For many fans, Elvis Presley will indeed continue to be The King, but which Elvis do they hold closest to their hearts? The youthful, hip-swinging, Sun Records rockabilly Elvis? The leather-jacketed ’68 Comeback Special Elvis? The gleaming Technicolor Elvis of so many turgid movies? The Vegas Elvis, with rhinestone-encrusted jumpsuit and karate asides? Whether parent-scaring rebel, US army recruit or porcine casino attraction, Elvis remains both ubiquitous cultural icon and unknowable enigma, which somehow makes Eugene Jarecki’s sprawling, agitated and hard-to-pin-down combination of musical biography and state-of-the-nation think piece a curiously appropriate mode of address to consider the current state of the Presley legacy.
107 mins approx
Director Eugene Jarecki
Himself Alec Baldwin
Himself Ethan Hawke
Himself Chuck D
The sincerity and ideological engagement seen in Jarecki’s previous feature docs Why We Fight (2005) and The House I Live In (2012) are present again here, though the canvas is wider. This film is literally all over the place, as a 1963 Rolls-Royce once owned by the star is pressed into service so that Jarecki and an ever-changing roll call of guests and passers-by can drive it around key places in the Elvis story, from Tupelo to Memphis, New York to Hollywood; interspersed throughout the journey are aerial views of this big and complicated country. Meanwhile musicians play their guitars on the back seat, and actors including Ethan Hawke and Alec Baldwin say their piece. There are friends who actually knew Elvis, plus key music critics Greil Marcus and Peter Guralnick, all reflecting on the awful tragedy of Elvis’s success. There’s a boatload of choice archive too, capturing the King and the country through the decades. And yet, for all the abiding sense that Jarecki has just kept shooting and shooting, there’s an underlying purpose here, implying that the meaning of Elvis is the meaning of America itself.
On one level, this relentlessly buttonholing, sincere and slightly exhausting film reminds us how Elvis exemplifies the endless capacity for division to be found in these so-called United States. Guralnick, for instance, is typically lit up by the way the young Elvis took the earthy thrust of rhythm and blues and fused it with a country twang to sell it to the white mainstream audiences who weren’t tuning in to the part of the dial playing ‘race music’ on the segregated airwaves of 1950s America. For black cultural commentator Van Jones, on the other hand, Elvis remains the very devil of cultural appropriation, who stole from essentially African-American forms and made a pile of money but put nothing back into the black community. He is echoed by former Public Enemy mainstay, the ever-articulate Chuck D, who repeats the salient line in the rap outfit’s signature number ‘Fight the Power’, declaiming: “Elvis was a hero to most, but he never meant shit to me.” That said, even he admits that the possibility of crossing cultural boundaries – choosing the example of a classical musician from an African-American background – is still something worth celebrating in today’s America.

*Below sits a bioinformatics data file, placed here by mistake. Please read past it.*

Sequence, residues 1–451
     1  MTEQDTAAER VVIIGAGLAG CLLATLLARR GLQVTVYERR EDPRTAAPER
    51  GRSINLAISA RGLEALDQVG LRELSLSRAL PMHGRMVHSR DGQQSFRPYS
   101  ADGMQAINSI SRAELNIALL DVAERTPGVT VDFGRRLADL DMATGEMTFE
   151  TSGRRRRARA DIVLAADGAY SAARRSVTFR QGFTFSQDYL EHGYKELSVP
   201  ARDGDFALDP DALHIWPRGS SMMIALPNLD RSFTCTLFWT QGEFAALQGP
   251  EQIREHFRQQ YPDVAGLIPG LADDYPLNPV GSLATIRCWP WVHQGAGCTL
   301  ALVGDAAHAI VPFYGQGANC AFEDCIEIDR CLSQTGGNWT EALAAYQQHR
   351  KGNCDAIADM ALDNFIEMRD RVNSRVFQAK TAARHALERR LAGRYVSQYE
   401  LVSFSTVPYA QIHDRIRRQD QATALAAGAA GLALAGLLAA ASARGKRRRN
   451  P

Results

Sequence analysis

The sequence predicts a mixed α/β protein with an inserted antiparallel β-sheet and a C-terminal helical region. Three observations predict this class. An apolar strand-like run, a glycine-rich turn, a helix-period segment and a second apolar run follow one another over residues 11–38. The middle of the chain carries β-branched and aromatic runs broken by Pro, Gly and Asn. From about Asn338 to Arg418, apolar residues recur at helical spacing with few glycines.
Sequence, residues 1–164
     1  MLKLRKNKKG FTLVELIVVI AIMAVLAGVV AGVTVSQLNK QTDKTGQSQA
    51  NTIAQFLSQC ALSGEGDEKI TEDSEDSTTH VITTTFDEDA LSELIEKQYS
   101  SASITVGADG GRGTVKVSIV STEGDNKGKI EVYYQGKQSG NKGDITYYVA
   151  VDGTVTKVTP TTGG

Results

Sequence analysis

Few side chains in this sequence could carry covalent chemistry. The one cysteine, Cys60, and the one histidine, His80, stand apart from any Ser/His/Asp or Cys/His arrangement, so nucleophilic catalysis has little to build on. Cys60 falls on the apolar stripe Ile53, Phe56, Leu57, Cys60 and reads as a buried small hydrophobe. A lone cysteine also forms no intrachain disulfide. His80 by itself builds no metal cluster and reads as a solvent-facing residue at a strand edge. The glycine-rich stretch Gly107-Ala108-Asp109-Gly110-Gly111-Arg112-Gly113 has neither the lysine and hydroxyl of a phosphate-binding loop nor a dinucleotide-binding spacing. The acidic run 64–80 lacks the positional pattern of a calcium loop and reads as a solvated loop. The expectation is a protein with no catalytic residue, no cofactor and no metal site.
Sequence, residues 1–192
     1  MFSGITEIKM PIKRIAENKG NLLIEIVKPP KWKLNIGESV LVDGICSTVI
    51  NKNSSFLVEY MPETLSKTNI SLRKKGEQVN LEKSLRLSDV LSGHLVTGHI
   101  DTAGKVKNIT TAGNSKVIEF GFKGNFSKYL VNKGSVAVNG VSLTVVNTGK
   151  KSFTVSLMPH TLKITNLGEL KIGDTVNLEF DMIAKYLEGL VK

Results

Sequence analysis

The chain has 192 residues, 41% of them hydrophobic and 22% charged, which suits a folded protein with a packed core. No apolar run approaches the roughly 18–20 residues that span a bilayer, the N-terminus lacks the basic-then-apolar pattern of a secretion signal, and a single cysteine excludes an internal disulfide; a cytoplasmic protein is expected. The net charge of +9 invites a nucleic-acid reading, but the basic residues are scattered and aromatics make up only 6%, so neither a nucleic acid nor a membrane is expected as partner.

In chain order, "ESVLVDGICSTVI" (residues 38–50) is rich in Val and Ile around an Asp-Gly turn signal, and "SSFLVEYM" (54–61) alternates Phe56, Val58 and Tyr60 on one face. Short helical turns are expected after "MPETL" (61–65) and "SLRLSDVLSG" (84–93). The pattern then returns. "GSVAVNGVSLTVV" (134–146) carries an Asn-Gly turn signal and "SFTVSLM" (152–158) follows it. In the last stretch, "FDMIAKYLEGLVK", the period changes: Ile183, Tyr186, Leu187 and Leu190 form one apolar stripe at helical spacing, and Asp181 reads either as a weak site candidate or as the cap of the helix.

To Jarecki’s credit, he gives the debate over cultural appropriation due space, but knows there’s more to say. In the meantime, even if it’s slightly overrun by the myriad moments of performance and on-the-road local colour, a grand theory of Elvis-as-America does emerge. It springs from Marcus’s telling insight that the American constitution makes a point of mentioning ‘the pursuit of happiness’ – a pursuit that codified itself in the resurgent post-WWII US into an ongoing spiral of consumption and display. However much we decry Elvis’s dollar-driven career choices, as Ethan Hawke bitterly points out, they trace a trajectory from dirt-poor beginnings, where his dad landed up on a chain gang for bouncing a cheque, to the son’s eventual cash-rich accumulation of a much flaunted fleet of cars and a gold toilet. Has America, then, like Elvis, simply consumed itself into a state of dazed, self-involved bloat?
Broadly, Jarecki would have us believe that the Trump presidency represents the fat, doped-up, dead-on-the-toilet stage of America’s national journey. A partisan view, of course, and as such very typical of today’s highly polarised US electorate. Baldwin, filmed in 2016 (!), calls it wrong when he vehemently insists that Trump won’t win the White House, but his assertion elsewhere that the ‘greed is good’ shift of the Reagan era forever changed the American landscape rings dismayingly true.
Given the horrifying contrast between beautiful young Elvis and his hulking 42-year-old corpse, it would be understandable if this ambitious, deeply felt undertaking finally surrendered to despair, yet Jarecki gathers himself for a final flourish. A punchy montage intercuts his country’s recent historical careen with a majestic late-Elvis TV-special performance of Unchained Melody – his vocals a keening, heartsick expression of yearning for redemption and deliverance, even as the end is looming. In America too, it seems, perhaps the hope for something better is not yet totally extinguished. Not while Eugene Jarecki is around to give us a film as mesmerising, contrary and complex as Elvis himself – or indeed the country that spawned him.